‘Socialism is unnatural and, therefore, false. Nature is not always kind: some of her laws seem harsh: but rise against her, you cannot – she’ll always win in the end. “All men equal, and no more rich and poor.” Desirable, yes, but quite unnatural.’
– Dornford Yates, Lower than Vermin (1950)
You can never have enough P.G. Wodehouse, Dornford Yates or John Buchan in the house. No matter how ill or upset you are, they’ll cheer you up.
– Michael Gove, 2008
The title, of course, comes from Aneurin Bevan’s notorious 1948 speech, in which he said he regarded the Conservative Party as being ‘lower than vermin’. The man known as Dornford Yates, it’s safe to say, didn’t share this perspective.
Cecil William Mercer (1885-1960) was a barrister who served in Egypt and Greece during the First World War and, on demobilization, decided to become a writer instead, adopting the fanciful pseudonym of Dornford Yates from the surnames of his grandparents. His biggest successes came with two series of books: the Berry stories, about an interlocking group of upper-middle-class cousins who enjoy life and have cheerful adventures; and the Chandos novels, thrillers that blend Anthony Hope and John Buchan and feature yet more upper-middle-class heroes who enjoy life and have somewhat more dangerous adventures.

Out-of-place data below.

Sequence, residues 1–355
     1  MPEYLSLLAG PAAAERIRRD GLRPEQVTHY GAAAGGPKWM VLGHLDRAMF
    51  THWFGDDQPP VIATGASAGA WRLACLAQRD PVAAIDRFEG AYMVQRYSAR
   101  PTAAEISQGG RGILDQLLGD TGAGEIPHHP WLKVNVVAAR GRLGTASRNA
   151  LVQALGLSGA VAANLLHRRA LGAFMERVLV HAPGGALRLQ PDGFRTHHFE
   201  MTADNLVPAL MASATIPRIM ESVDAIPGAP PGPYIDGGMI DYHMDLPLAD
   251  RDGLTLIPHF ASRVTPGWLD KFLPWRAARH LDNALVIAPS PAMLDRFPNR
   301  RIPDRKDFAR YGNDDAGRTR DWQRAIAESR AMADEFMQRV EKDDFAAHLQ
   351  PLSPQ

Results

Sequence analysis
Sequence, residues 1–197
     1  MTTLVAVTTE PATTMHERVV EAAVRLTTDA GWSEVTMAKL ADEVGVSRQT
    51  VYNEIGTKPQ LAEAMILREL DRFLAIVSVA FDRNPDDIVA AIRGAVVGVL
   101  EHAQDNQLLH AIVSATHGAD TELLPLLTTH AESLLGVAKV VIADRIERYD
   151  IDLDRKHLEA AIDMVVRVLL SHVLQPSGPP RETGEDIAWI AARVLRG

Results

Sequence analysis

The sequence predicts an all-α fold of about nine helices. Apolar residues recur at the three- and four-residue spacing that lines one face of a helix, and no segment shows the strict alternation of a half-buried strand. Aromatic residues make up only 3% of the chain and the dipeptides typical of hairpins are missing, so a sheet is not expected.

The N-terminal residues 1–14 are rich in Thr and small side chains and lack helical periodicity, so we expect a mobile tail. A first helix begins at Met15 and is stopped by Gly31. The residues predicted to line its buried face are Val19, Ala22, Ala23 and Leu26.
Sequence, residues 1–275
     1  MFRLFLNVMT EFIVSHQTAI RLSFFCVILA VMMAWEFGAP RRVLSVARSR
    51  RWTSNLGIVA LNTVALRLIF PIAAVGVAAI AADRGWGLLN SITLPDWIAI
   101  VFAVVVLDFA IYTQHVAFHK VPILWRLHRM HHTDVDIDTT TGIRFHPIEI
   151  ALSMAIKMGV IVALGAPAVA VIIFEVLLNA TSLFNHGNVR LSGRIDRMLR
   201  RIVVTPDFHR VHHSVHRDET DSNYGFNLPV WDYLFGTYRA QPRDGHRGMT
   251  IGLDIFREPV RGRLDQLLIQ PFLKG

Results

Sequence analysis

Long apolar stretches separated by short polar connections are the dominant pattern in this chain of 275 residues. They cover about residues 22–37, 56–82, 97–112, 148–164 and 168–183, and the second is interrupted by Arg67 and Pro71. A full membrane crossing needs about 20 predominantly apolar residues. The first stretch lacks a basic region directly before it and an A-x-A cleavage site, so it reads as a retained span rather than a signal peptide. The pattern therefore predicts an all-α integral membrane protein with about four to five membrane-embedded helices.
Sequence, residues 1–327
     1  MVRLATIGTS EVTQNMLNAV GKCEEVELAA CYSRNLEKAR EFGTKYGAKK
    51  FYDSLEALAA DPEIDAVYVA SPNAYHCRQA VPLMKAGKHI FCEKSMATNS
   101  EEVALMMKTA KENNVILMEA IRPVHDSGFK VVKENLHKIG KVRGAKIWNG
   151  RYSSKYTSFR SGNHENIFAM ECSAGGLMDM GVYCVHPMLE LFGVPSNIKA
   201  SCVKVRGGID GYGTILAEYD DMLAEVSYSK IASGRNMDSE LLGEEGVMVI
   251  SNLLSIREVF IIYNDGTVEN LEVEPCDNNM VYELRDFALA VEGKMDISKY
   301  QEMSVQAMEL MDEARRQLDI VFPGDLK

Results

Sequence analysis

In the inter-war period, Yates sold around two million copies of these books, though even then he was a bit of an acquired taste. Those who liked him, loved him, and they devoured every title. But there weren’t many casual readers, as there were for the other thriller writers of the time, the likes of Sapper, Edgar Wallace, John Buchan. It’s striking, for example, that no films were ever made of Yates’s work.
The closest he came – long after his death – was a BBC adaptation of She Fell Among Thieves in 1977, scripted by Tom Sharpe, a dramatization that set new benchmarks for camp absurdity: it’s going some when Malcolm McDowell is the most restrained member of the cast. A series was planned, but although it was trumpeted on the covers of paperback reprints, it never actually materialized. Sharpe himself was reported to have said that ‘there wasn’t enough gold in the Bank of England to get him to do another’.
The lack of film representation is one of the reasons why Yate’s stock has fallen so low since the Second World War. (It’s distressing but true that Buchan’s status would be much less secure had Alfred Hitchcock not filmed The Thirty-Nine Steps.) But it’s not the only reason. There’s also the lack of humour: the characters in the Berry books, in particular, are always roaring with laughter at each other, but – however easy-going and engaging it all is – there are precious few jokes for the reader. And there’s the fact that it took his publishers so long to bring out mass-market paperback editions of the books. Not to mention the sometimes rococo prose style that was dated even at the time.